A short description of the alleged violation (the event that caused the complaining party to believe that his or her rights were violated); and
The date(s) of the alleged violation(s).

Please note that Federal employees or applicants for employment should see Federal Sector Equal Employment Opportunity Complaint Processing.

A Complaint must be filed timely, the EEOC states:
All laws enforced by EEOC, except the Equal Pay Act, require filing a charge with EEOC before a private lawsuit may be filed in court. There are strict time limits within which charges must be filed:

A charge must be filed with EEOC within 180 days from the date of the alleged violation, in order to protect the charging party's rights.
This 180-day filing deadline is extended to 300 days if the charge also is covered by a state or local anti-discrimination law. For ADEA charges, only state laws extend the filing limit to 300 days.
These time limits do not apply to claims under the Equal Pay Act, because under that Act persons do not have to first file a charge with EEOC in order to have the right to go to court. However, since many EPA claims also raise Title VII sex discrimination issues, it may be advisable to file charges under both laws within the time limits indicated.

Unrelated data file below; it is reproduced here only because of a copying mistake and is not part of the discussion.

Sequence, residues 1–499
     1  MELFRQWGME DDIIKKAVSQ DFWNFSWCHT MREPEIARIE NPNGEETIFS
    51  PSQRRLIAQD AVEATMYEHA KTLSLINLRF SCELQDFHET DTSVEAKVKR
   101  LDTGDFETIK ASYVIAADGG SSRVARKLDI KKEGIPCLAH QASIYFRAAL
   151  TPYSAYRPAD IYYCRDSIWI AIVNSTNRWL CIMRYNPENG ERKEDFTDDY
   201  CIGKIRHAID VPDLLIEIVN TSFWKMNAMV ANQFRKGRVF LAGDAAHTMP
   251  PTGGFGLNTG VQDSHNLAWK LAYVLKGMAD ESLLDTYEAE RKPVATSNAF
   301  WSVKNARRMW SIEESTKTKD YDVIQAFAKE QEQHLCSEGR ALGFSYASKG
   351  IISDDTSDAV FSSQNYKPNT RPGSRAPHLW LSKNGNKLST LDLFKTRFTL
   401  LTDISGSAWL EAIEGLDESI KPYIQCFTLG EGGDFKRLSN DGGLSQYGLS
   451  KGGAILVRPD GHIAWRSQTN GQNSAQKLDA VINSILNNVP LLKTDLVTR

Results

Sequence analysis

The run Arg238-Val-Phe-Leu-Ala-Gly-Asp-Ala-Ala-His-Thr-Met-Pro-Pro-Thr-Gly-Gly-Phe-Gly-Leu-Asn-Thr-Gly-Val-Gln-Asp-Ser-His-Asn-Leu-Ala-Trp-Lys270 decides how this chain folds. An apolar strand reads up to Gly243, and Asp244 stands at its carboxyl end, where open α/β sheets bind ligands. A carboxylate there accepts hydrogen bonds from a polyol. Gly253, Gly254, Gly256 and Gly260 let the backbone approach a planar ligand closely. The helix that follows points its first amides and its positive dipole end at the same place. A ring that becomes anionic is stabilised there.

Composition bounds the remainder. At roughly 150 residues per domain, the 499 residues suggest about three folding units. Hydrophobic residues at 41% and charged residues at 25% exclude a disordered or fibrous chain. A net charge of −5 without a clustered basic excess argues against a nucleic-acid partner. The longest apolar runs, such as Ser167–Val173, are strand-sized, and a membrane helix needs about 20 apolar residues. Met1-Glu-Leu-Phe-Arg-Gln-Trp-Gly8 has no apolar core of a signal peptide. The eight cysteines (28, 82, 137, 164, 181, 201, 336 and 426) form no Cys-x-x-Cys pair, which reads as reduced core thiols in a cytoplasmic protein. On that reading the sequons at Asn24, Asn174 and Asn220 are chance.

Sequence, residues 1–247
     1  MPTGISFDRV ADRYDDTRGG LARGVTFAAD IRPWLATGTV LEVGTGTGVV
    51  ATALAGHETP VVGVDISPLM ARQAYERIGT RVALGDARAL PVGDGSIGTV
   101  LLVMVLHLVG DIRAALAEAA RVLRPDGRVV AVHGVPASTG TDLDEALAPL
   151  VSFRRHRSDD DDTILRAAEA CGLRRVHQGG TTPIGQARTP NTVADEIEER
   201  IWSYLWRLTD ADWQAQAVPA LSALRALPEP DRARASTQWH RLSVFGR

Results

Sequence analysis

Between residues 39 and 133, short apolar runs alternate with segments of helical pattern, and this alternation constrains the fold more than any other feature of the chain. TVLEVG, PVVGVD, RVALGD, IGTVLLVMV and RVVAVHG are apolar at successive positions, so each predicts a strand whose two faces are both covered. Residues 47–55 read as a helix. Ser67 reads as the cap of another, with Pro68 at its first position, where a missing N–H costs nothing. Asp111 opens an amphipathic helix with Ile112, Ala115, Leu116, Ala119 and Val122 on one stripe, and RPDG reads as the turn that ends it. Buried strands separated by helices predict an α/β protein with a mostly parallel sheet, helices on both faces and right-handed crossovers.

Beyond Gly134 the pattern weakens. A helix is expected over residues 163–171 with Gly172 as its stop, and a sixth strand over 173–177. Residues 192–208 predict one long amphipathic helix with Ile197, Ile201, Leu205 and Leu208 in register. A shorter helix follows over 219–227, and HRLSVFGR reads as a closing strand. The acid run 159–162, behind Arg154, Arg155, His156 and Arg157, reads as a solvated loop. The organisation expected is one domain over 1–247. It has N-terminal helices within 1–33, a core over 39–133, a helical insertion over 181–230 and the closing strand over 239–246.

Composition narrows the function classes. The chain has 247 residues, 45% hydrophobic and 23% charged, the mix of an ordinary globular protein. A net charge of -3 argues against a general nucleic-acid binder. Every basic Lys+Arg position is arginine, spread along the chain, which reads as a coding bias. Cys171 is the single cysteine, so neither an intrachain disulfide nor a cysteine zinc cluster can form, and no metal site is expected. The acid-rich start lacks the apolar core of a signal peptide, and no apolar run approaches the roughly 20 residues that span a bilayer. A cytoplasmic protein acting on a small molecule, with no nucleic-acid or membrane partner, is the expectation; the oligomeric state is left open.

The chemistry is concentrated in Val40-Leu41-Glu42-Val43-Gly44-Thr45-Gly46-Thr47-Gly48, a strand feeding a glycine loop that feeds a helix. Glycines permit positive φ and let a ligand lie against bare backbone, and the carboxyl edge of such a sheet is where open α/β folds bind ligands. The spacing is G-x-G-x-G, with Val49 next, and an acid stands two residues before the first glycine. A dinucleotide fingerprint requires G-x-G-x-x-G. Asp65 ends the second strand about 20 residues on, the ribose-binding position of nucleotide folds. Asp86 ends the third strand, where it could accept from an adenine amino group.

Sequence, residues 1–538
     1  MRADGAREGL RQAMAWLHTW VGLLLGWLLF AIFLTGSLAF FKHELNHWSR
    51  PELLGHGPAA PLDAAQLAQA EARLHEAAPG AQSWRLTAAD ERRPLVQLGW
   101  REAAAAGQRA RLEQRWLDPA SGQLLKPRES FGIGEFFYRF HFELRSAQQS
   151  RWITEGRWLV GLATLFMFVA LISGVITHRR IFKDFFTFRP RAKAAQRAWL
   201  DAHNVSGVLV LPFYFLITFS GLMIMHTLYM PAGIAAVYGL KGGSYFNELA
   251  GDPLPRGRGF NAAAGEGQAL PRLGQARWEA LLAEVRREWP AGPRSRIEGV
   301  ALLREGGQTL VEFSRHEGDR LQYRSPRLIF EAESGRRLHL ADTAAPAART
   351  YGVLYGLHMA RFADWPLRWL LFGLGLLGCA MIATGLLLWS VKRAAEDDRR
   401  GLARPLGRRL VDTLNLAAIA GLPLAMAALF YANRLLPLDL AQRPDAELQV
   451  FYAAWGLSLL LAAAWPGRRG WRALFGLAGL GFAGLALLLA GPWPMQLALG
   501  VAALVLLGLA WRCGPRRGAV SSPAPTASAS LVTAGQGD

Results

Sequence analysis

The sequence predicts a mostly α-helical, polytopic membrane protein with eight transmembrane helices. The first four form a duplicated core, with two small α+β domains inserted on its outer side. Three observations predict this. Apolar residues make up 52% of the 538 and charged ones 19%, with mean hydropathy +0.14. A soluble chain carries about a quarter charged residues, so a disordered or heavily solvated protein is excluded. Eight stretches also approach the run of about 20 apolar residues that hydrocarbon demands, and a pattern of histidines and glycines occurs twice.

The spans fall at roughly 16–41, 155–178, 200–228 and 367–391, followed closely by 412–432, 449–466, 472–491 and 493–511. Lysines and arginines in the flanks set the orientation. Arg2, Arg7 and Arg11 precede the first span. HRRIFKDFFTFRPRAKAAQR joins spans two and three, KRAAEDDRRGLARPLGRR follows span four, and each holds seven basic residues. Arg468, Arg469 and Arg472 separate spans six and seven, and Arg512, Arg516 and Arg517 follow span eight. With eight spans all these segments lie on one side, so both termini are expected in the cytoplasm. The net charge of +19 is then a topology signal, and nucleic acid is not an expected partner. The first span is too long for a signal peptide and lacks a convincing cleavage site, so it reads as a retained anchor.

To protect legal rights, it is always best to contact EEOC promptly when discrimination is suspected.
Federal employees or applicants for employment should see Federal Sector Equal Employment Opportunity Complaint Processing.
What Agency Handles a Charge that is also Covered by State or Local Law?
Many states and localities have anti-discrimination laws and agencies responsible for enforcing those laws. EEOC refers to these agencies as "Fair Employment Practices Agencies (FEPAs)." Through the use of "work sharing agreements," EEOC and the FEPAs avoid duplication of effort while at the same time ensuring that a charging party's rights are protected under both federal and state law.

If a charge is filed with a FEPA and is also covered by federal law, the FEPA "dual files" the charge with EEOC to protect federal rights. The charge usually will be retained by the FEPA for handling.
If a charge is filed with EEOC and also is covered by state or local law, EEOC "dual files" the charge with the state or local FEPA, but ordinarily retains the charge for handling.

After receiving the complaint, the EEOC will conduct an investigation. From their website: